The Gard recently informed that even if it may be impossible for crew to estimate the particle size of the cargo carried, the crew can watch out for signs of high moisture content with the aim to ensure safety.
In fact, Appendix 3, Art 2 of the IMSBC Code states that “many fine particle cargoes, if possessing a sufficiently high moisture content are liable to flow”.
Whatsoever, the Gard informs that the threshold for fine particle is not defined in the Code, although it mentions particle size distribution in the schedule for individual cargoes.
It is said that there are two main concerns for seafarers relating to liquefaction.
- The fine particle size of the cargo and
- The high moisture content, i.e. the moisture content is higher than the cargo’s transportable moisture limit (TML).
However, it may not be practical for the ship’s crew to estimate the particle size of the cargo being loaded and to compare it with its IMSBC schedule. What is practical is the visual tell-tale signs of excessive moisture.
Guard informs that
As rudimentary as our recommendations on can tests and looking out for cargo splatter sounds, a vigilant crew can or could have saved several lives.
To reduce the risk of loading cargo with an excessive moisture content, shipowners, managers and crew can take some precautionary measures such as:
- Ensure documents on moisture content provided by the shipper is authentic. Inaccurate declarations and certificates from shippers still appear to be at the heart of the problem.
- Request moisture content (MC) to be tested again if there is any suspicion.
- Check the stock piles, though this may be difficult in many ports.
- Appoint surveyors during loading.
- Take advice from cargo experts.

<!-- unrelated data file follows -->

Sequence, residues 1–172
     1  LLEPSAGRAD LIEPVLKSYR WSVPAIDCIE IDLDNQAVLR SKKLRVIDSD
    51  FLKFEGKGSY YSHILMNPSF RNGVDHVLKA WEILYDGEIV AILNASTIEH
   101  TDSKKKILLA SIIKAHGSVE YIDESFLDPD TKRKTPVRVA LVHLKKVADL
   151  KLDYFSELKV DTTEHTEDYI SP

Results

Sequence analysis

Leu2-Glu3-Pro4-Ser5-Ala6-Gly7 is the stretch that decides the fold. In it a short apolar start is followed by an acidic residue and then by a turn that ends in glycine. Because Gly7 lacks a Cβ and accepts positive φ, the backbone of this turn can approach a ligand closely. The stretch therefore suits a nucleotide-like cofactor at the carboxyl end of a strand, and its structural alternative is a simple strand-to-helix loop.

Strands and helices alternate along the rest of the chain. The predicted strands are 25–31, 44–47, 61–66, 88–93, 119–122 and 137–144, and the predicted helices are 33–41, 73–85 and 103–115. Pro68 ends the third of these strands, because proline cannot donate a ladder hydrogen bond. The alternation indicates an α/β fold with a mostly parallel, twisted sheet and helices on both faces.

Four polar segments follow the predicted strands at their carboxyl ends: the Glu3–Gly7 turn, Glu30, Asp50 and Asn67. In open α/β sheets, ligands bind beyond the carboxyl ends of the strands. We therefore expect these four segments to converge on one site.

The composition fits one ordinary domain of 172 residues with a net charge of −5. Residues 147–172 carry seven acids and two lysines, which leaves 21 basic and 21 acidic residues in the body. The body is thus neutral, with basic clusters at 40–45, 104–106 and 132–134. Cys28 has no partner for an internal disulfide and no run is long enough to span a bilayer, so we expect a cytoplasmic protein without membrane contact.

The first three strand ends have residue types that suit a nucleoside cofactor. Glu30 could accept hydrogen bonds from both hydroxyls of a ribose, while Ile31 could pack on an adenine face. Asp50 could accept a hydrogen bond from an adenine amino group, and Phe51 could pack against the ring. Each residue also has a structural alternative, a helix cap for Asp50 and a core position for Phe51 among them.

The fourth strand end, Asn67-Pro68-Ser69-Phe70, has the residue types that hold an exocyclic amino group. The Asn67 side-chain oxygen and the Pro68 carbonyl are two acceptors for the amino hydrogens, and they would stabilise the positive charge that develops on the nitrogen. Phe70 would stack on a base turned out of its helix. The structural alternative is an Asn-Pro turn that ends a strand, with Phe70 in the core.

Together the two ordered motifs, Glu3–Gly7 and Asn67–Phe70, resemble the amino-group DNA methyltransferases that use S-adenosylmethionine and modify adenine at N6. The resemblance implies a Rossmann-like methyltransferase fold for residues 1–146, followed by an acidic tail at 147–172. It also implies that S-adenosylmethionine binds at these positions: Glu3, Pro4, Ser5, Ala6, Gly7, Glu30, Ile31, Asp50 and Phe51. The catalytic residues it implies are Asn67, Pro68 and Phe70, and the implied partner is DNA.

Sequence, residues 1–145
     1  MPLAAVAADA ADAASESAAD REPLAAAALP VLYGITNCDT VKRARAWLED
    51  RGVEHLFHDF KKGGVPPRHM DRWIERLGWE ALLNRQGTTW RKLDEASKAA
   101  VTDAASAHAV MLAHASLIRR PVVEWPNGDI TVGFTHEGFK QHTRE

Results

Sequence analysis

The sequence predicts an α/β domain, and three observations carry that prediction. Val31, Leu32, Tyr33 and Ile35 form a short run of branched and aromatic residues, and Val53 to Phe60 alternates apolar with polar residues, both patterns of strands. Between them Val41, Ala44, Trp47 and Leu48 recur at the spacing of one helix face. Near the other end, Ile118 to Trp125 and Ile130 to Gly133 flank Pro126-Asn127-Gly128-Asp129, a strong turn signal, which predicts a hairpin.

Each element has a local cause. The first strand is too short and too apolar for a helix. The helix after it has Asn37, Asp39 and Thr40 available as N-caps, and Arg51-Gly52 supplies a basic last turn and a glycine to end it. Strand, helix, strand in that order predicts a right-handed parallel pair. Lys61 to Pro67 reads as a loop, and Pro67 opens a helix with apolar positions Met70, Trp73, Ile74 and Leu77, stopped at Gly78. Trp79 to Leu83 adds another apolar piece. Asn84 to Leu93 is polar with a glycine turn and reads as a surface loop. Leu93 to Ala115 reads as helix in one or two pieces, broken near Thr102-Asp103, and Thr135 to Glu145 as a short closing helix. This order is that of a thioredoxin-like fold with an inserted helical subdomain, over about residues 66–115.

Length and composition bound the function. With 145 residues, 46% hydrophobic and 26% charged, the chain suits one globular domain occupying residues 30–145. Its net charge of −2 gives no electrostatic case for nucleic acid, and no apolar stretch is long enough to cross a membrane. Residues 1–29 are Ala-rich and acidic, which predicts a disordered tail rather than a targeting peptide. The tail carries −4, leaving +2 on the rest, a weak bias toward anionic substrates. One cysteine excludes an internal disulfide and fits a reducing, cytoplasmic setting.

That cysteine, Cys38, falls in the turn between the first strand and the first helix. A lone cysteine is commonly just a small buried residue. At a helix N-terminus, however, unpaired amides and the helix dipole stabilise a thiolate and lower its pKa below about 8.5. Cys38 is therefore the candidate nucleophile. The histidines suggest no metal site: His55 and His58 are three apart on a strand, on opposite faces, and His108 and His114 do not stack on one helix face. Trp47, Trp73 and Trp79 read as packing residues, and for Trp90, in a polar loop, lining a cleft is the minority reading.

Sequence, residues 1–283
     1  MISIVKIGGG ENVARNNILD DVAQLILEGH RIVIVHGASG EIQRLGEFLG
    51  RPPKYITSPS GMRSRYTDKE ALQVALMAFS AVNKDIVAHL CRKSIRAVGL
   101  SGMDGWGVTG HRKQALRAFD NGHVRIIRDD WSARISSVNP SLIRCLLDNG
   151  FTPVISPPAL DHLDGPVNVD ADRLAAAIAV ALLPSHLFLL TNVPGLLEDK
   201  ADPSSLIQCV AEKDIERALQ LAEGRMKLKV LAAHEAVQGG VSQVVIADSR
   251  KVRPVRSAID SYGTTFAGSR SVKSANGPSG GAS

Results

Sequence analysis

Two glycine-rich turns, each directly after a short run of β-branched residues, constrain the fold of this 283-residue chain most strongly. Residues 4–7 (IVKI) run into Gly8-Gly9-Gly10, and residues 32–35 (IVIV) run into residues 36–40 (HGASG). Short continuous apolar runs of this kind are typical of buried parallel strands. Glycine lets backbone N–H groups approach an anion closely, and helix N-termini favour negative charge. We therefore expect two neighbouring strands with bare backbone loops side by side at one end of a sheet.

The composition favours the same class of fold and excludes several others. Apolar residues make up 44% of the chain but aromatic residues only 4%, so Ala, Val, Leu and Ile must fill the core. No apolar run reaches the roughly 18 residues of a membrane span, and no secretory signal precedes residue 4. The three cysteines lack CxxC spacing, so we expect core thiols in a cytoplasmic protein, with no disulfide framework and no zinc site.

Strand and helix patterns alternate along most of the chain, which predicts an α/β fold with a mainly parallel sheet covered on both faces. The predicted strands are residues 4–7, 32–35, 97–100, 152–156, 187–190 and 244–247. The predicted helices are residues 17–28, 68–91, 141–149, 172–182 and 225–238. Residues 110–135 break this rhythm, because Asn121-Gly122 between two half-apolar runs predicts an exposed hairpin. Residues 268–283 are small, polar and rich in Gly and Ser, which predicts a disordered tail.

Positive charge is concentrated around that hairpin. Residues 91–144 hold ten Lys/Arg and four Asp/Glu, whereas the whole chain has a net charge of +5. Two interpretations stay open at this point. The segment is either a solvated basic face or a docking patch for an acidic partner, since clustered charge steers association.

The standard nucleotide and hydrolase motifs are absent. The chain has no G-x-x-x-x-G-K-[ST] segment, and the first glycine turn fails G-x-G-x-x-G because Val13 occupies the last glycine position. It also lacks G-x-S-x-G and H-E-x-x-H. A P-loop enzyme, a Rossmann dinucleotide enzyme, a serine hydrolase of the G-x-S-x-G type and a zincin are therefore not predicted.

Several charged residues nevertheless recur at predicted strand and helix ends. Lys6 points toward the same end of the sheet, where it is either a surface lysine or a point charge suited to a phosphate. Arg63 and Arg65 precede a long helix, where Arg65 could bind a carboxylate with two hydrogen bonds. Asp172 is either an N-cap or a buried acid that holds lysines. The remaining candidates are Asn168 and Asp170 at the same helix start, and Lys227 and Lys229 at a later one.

Namely, proper and timely liquid cargo sampling is one of the most important tasks for the crew members on vessels to prevent cargo contamination and exposure to relevant claims. Thus, Skuld has previously provided its insights on sampling of liquid cargoes, focusing on safety precautions prior to sampling; on sampling equipment as well as on the key locations on sampling onboard a vessel.
A challenging issue that the industry has to cope with is the contamination of the cargo, as liquid cargoes onboard vessels are exposed to influences such as temperature change, contact with air, light, pollutant, or other products. Moreover, the contamination can also occur from failure in the production process and exposure to external substances from shore tanks and shore lines, as well as remnants of previous cargoes or wash water onboard the vessel.
Usually, the sampling process is conducted from the company’s perspective and interests. Thus, crewmembers are responsible for collecting their own samples to protect the vessel’s interests. Timely and proper sampling of liquid cargoes is essential of the vessel management team to observe.
Some safety precautions before sampling can include the following:
(a) Prior to conducting the procedure, the crewmembers should familiarise themselves with the specific nature and associated hazards of the liquid cargoes for carriage, by carefully studying the information available on the Material Safety Data Sheet (the MSDS), which is provided to the captain from the shippers prior to the operation.
(b) Crewmembers should also wear minimum Personal Protective Equipment (PPE) such as goggles, chemical resistant gloves, boiler suits and shoes when drawing samples. Filter masks, breathing apparatus and chemical resistant suits may be required, depending on the cargo to be sampled.
(c) The crew should consult the company’s Safety Management System (the SMS) for further instructions prior to sampling.
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